Prison postal vote: Fewer than ten inmates apply
FEWER than ten prisoners have requested forms to apply for a postal vote in next month’s election after a States decision last year meant those serving sentences of under four years can vote for the first time, new figures show.
Election leaflets, posters and candidates’ manifestos have been delivered to La Moye Prison and made available to prisoners, although no arrangements have been made for candidates to visit the prison for election canvassing.
Before the States moved to allow prisoners serving short sentences to vote, inmates in Jersey were not able to take part in elections, potentially putting the Island in breach of the European Convention on Human Rights.
The move was adopted by the States 30 votes to 14.
A response to a freedom of information request about the number of prisoners who had requested postal voting forms said: ‘There was already good awareness amongst prisoners about the entitlement to vote, following the media coverage after the promulgation of the change in law.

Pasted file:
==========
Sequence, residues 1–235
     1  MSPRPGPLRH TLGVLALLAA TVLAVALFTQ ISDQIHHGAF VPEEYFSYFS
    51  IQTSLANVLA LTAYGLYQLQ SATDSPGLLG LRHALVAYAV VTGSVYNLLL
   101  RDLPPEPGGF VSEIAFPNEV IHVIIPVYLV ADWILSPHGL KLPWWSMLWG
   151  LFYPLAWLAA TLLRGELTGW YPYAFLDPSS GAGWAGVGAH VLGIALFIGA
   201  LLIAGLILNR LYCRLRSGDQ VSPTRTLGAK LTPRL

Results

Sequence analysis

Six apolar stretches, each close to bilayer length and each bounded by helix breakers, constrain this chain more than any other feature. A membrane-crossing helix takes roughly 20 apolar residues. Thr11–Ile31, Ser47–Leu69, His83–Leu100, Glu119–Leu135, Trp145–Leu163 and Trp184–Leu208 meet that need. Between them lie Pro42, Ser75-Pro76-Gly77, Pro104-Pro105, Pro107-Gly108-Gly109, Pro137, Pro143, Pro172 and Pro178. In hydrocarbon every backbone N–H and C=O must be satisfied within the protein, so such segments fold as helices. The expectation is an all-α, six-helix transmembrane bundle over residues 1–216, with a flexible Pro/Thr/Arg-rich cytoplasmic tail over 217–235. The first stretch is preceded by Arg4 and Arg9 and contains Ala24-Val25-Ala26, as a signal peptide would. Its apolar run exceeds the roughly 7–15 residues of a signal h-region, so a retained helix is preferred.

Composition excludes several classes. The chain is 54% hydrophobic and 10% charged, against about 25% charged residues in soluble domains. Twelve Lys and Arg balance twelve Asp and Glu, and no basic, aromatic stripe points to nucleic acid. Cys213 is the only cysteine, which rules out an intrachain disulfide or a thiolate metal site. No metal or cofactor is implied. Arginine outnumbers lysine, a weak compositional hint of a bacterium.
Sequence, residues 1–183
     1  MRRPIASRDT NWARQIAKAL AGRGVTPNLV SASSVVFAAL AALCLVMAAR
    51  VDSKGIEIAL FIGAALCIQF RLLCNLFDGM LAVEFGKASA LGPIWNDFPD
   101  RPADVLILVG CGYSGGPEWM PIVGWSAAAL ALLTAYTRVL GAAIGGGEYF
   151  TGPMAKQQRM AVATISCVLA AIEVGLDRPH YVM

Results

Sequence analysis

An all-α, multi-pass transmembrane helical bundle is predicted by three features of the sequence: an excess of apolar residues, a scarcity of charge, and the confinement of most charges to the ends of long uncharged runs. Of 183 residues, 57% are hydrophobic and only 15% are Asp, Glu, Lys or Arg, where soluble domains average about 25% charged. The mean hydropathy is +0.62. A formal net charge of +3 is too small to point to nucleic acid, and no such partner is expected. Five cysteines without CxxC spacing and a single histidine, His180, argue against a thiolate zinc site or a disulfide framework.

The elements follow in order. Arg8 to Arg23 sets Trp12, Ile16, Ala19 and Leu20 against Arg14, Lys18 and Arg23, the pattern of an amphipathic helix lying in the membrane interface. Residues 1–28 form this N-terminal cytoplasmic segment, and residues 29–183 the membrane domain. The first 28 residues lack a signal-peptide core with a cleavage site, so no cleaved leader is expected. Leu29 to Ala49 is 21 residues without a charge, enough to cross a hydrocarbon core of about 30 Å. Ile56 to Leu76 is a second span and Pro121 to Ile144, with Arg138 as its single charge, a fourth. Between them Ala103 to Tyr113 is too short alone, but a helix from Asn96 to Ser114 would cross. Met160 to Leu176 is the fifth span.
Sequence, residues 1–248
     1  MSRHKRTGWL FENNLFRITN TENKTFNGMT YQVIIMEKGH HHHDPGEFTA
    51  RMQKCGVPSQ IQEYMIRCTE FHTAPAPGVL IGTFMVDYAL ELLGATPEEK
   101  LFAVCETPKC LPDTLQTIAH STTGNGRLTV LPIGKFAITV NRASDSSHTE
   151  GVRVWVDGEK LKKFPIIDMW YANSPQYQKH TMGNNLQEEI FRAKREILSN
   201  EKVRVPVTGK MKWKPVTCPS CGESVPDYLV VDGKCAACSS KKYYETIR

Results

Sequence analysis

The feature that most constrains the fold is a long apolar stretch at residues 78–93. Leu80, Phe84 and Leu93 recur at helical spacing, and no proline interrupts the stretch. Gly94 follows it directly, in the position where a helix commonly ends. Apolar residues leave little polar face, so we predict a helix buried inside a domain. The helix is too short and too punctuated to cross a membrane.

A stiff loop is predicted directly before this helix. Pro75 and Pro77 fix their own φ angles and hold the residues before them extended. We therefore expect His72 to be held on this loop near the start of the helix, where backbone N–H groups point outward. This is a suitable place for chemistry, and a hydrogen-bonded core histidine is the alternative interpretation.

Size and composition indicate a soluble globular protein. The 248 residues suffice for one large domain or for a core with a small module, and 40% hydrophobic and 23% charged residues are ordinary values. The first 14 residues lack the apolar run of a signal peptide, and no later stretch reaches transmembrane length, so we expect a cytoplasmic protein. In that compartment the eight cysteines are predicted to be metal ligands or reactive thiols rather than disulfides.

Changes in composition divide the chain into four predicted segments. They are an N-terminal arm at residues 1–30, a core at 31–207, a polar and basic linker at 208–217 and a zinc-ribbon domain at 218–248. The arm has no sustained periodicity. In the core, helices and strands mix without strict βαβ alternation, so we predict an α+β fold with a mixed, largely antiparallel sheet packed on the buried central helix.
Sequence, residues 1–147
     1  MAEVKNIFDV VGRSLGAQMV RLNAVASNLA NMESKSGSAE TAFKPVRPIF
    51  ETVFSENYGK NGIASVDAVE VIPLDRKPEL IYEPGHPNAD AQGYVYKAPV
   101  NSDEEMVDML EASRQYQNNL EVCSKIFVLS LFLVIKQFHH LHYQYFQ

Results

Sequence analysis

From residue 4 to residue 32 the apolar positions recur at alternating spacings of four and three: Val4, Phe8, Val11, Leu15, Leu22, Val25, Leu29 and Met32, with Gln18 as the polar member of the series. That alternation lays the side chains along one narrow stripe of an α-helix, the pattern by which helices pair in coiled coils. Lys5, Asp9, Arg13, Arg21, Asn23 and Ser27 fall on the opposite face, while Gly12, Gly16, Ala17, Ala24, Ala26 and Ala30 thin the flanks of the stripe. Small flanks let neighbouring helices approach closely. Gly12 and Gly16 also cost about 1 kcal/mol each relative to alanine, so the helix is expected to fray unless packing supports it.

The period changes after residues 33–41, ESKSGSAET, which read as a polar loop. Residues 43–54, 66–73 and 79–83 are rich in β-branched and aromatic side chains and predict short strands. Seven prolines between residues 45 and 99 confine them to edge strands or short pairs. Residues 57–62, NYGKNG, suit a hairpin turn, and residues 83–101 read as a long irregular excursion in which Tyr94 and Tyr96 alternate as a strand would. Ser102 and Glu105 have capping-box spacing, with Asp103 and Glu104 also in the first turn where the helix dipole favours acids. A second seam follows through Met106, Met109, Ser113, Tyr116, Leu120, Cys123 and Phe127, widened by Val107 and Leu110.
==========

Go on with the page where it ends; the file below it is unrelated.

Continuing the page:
‘Notices to prisoners have been placed in the accommodation wings to inform prisoners about the up and coming elections and the criteria for entitlement to vote.
‘Information supplied by the Judicial Greffe has also been made readily available and this includes application forms to be placed on the electoral register and also to register as a postal voter.’ In 2004 the High Court case of Hirst v United Kingdom found that the UK was breaching the ECHR by banning prisoners from voting.
The matter was first raised in Jersey in 2012, but the Privileges and Procedures Committee decided at the time to wait until the UK had addressed the issue.
The move was revisited last year following legal advice from the Island’s Legislation Advisory Panel.
The FoI response added: ‘The prison authorities will ensure that any campaign posters, leaflets and so on are made available to prisoners. No special arrangements have been made for election candidates to visit the prison for canvassing purposes.’